CHICAGO (Reuters) - R&B singer R. Kelly pleaded not guilty on Tuesday to a raft of federal charges accusing him of running a scheme to force women and girls to provide sex for himself and others, and a judge ordered that he remain in jail without bail.
A federal judge said the main reason he was denying bail was obstruction of justice charges, part of a multi-count indictment unveiled on Friday in Chicago and New York.
Wearing an orange prison jumpsuit and handcuffed at a hearing in federal court, the 52-year-old singer entered his plea of not guilty and answered "Yes, sir," to all of U.S. District Judge Harry Leinenweber's questions. He made no eye contact with supporters in the Chicago courtroom.
"Kelly is an extreme danger to the community, especially teenage girls," federal prosecutor Angel Kroll argued.
Prosecutors brought 18 counts against the Grammy Award-winning artist with allegations he preyed on teenagers and young women for two decades, forcing them into sexual acts.
Under the obstruction of justice charges, R. Kelly and his entourage are accused of paying hundreds of thousands of dollars in bribes to buy victims' silence, even giving a car to one young woman, and using intimidation and threats of violence.
The singer, who rose to fame in the 1990s, has been jailed in solitary confinement since he was arrested on Thursday night walking his dog in downtown Chicago, his lawyer Steve Greenberg said.
R. Kelly has faced sexual abuse allegations dating back to the 1990s, which were documented in a television series "Surviving R. Kelly" and aired in January.
In February he was charged with 10 counts of aggravated criminal sexual abuse in Illinois state.
Greenberg said R. Kelly was not a flight risk as he spent all his time in his one bedroom apartment on the 48th floor of the Trump Tower in Chicago and had no money.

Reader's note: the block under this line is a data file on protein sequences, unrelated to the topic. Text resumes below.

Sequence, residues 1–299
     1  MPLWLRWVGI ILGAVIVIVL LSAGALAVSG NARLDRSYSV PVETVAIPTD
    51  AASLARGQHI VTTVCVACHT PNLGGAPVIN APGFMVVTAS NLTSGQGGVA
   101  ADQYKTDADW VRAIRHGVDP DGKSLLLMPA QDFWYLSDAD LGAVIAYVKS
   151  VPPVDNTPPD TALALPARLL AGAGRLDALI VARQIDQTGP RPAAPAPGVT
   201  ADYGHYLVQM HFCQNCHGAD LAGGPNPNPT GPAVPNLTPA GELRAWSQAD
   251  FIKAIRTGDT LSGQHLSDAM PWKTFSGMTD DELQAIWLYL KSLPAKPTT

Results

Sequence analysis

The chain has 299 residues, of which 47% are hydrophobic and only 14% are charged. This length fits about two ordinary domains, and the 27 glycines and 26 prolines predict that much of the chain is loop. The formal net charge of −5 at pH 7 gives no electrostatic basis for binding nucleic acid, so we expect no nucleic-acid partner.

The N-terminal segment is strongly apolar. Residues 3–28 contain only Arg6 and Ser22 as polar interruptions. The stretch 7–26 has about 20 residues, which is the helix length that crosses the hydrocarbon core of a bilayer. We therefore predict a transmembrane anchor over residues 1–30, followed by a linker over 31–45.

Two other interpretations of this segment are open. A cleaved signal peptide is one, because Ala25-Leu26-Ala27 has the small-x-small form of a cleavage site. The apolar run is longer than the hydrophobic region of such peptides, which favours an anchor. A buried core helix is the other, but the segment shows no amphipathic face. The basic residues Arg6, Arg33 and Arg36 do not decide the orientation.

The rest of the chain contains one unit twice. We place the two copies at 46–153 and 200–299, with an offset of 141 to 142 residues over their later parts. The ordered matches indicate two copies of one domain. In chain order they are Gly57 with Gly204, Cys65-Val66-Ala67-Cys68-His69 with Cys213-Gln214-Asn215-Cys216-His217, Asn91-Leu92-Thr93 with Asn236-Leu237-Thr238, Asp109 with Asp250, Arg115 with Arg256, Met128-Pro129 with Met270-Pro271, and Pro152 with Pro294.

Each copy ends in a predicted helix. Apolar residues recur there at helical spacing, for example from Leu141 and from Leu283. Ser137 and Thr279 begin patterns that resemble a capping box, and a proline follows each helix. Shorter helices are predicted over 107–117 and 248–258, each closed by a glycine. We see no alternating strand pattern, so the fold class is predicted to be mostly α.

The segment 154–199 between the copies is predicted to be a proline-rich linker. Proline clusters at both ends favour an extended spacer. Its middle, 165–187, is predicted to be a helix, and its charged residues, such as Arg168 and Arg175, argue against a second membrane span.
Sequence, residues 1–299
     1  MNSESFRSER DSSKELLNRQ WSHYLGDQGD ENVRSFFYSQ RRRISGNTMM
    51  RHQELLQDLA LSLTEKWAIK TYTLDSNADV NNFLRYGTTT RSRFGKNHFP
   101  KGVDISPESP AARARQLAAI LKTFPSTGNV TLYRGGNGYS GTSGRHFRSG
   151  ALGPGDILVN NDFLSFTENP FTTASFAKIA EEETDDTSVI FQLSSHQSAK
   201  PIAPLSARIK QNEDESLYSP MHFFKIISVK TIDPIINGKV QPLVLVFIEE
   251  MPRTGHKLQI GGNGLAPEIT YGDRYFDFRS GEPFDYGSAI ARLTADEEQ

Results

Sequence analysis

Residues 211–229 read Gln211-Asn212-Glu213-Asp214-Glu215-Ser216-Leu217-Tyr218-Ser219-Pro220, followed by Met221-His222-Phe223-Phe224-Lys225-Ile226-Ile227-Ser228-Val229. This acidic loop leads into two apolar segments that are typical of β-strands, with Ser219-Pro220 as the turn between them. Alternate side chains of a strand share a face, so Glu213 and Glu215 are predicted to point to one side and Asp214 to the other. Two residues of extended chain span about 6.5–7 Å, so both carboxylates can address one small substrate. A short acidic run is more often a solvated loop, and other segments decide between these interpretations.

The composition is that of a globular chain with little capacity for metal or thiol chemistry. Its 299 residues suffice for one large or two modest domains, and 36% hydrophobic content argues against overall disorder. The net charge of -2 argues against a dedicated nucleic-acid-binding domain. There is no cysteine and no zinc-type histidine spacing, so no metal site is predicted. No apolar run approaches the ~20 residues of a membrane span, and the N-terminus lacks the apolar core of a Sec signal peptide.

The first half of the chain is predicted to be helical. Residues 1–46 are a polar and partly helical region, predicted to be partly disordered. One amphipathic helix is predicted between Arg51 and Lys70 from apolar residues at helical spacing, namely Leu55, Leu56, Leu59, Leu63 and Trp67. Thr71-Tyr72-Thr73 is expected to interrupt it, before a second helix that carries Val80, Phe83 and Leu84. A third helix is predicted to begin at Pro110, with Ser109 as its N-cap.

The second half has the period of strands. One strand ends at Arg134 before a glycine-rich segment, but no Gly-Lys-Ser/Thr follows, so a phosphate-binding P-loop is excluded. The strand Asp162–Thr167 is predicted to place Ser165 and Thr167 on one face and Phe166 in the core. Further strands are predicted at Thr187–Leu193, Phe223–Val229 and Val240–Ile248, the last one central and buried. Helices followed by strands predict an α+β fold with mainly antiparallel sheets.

"If he was going to flee he would have done so already," Greenberg said. He later said that he would appeal the judge's bail decision.
Two women who say they have been in consensual relationships with the singer were at the hearing, but did not speak in court or comment to reporters.
The women, Joycelyn Savage and Azriel Clary, expressed their support for R. Kelly in a video posted this week on entertainment news site TMZ.
Best known for hits "Bump n' Grind," and "I Believe I Can Fly," R. Kelly faces a maximum prison sentence of over 190 years for the Chicago charges and decades more for those filed in New York. He is already fighting sexual assault charges in Illinois that carry a prison sentence of up to 30 years.
The musician and record producer is charged with sexual misconduct with 12 teenage girls and young women. Prosecutors said they had evidence in three videotapes of women performing sexual acts with Kelly.
Celebrity lawyer Michael Avenatti, who says he represents three of Kelly's victims, on Monday said the singer paid over $2 million to keep one young woman off the stand in his 2008 trial on child pornography charges, in which he was acquitted.
"The difference between his old cases and now is that his victims are cooperating with law enforcement," said prosecutor Kroll.
Reporting by Barbara Smith in Chicago; writing by Andrew Hay; editing by Rosalba O'Brien and Grant McCool